Activity Monitor, Battery Status Menu and top

This article describes the Activity Monitor, Battery Status Menu, and top — three related tools available on Mac OS X.

Note: The power profiling overview is worth reading at this point if you haven’t already. It may make parts of this document easier to understand.

Activity Monitor

This is a built-in OS X tool that shows real-time process measurements. It is well-known and its “Energy Impact” measure is likely to be consulted by users to compare the power consumption of different programs. (Apple support documentation specifically recommends it for troubleshooting battery life problems.) Unfortunately “Energy Impact” is not a good measure for either users or software developers and it should be avoided. Activity Monitor can still be useful, however.

What does “Energy Impact” measure?

“Energy Impact” is a hybrid proxy measure of power consumption. Careful investigation indicates that on Mac OS 10.10 and 10.11 it is computed with a formula that is machine model-specific, and includes the following factors: CPU usage, wakeup frequency, quality of service class usage, and disk, GPU, and network activity. The weightings of each factor can be found in one of the the files in /usr/share/pmenergy/Mac-<id>.plist, where <id> can be determined with the following command.

ioreg -l | grep board-id

In contrast, on Mac OS 10.9 it is computed via a simpler machine model-independent formula that only factors in CPU usage and wakeup frequency.

In both cases “Energy Impact” often correlates poorly with actual power consumption and should be avoided in favour of direct measurements that have clear physical meanings.

What does “Average Energy Impact” measure?

When the Energy tab of Activity Monitor is first opened, the “Average Energy Impact” column is empty and the title bar says “Activity Monitor (Processing…)”. After 5–10 seconds, the “Average Energy Impact” column is populated with values and the title bar changes to “Activity Monitor (Applications in last 8 hours)”. If you have top open during those 5–10 seconds you’ll see that systemstats is running and using a lot of CPU, and so presumably the measurements are obtained from it.

systemstats is a program that runs continuously and periodically measures, among other things, CPU usage and idle wakeups for each running process. Tests indicate that it is almost certainly using the same “Energy Impact” formula to compute the “Average Energy Impact”, using measurements from the past 8 hours of wake time (i.e. if a laptop is closed for several hours and then reopened, those hours are not included in the calculation.)

Battery status menu

When you click on the battery icon in the OS X menu bar you get a drop-down menu that includes a list of “Apps Using Significant Energy”. This is crude but prominent, and therefore worth understanding — even though it’s not much use for profiling applications.

Screenshot of the OS X battery statusmenu

When you open this menu for the first time in a while it says “Collecting Power Usage Information” for a few seconds, and if you have top open during that time you’ll see that, once again, systemstats is running and using a lot of CPU. Furthermore, if you click on an application name in the menu Activity Monitor will be opened and that application’s entry will be highlighted. Based on these facts it seems reasonable to assume that “Energy Impact” is again being used to determine which applications are “using significant energy”.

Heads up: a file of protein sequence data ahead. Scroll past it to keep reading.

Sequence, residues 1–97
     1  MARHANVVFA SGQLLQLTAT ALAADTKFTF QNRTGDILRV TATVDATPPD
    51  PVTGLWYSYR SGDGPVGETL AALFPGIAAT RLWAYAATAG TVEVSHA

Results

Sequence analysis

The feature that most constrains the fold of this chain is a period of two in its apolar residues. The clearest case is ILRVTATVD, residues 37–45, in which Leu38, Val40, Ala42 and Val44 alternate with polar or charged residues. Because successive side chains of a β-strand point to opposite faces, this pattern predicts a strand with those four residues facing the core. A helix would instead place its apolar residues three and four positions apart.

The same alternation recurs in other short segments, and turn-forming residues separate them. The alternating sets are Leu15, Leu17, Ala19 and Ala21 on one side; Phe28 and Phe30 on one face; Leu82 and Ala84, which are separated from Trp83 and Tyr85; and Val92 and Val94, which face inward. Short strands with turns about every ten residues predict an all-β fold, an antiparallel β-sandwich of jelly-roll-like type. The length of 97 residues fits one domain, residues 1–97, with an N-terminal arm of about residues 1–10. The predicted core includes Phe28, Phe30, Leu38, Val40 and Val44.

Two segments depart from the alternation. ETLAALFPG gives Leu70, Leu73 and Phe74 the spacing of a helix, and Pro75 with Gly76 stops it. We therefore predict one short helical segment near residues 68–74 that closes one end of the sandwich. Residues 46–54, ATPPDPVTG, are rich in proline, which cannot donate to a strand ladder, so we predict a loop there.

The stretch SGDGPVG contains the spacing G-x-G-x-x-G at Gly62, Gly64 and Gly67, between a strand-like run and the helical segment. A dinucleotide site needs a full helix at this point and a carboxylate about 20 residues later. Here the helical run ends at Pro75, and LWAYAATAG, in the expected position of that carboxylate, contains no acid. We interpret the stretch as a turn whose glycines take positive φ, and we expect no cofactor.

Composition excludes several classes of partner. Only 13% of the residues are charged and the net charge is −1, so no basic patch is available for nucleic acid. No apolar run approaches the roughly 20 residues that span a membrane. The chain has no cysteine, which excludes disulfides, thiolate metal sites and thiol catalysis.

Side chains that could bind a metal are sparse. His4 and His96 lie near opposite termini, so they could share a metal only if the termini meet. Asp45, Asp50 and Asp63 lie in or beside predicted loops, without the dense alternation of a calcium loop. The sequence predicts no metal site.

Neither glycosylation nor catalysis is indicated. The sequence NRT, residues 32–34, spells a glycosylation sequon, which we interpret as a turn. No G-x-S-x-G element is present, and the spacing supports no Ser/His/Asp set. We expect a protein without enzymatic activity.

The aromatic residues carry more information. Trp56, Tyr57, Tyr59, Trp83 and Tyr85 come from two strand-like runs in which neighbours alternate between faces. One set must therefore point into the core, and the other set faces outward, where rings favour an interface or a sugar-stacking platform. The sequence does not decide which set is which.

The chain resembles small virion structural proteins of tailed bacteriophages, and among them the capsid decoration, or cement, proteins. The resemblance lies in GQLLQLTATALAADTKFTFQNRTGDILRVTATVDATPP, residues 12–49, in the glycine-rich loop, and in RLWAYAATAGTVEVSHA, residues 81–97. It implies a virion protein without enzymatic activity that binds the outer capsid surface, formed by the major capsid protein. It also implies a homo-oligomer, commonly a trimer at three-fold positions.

Testing shows that once an energy-intensive application is started it takes less than a minute for it to show up in the battery status menu. And once the application stops using high amounts of energy it takes a few minutes to disappear. The exception is when the application is closed, in which case it disappears immediately. And it appears that a program with an “Energy Impact” of roughly 20 or more will eventually show up as significant, and programs that have much higher “Energy Impact” values tend to show up more quickly.

All of these battery status menu observations are difficult to make reliably and so should be treated with caution. It is clear, however, that the window used by the battery status menu is measured in seconds or minutes, which is much less than the 8 hour window used for “Average Energy Impact” in Activity Monitor.


top is similar to Activity Monitor, but is a command-line utility. To see power-related measurements, invoke it as follows.

top -stats pid,command,cpu,idlew,power -o power -d

Note: -a and -e can be used instead of -d to get different counting modes. See the man page for details.

It will show periodically-updating data like the following.

PID            COMMAND                  %CPU         IDLEW        POWER
50300          firefox                  12.9         278          26.6
76256          plugin-container         3.4          159          11.3
151            coreaudiod               0.9          68           4.3
76505          top                      1.5          1            1.6
76354          Activity Monitor         1.0          0            1.0
  • The PID, COMMAND and %CPU columns are self-explanatory.

  • The IDLEW column is the number of “package idle exit” wakeups.

  • The POWER column’s value is computed by the same formula as the one used for “Energy Impact” by Activity Monitor in Mac OS 10.9, and should also be avoided.

top is unlikely to be much use for power profiling.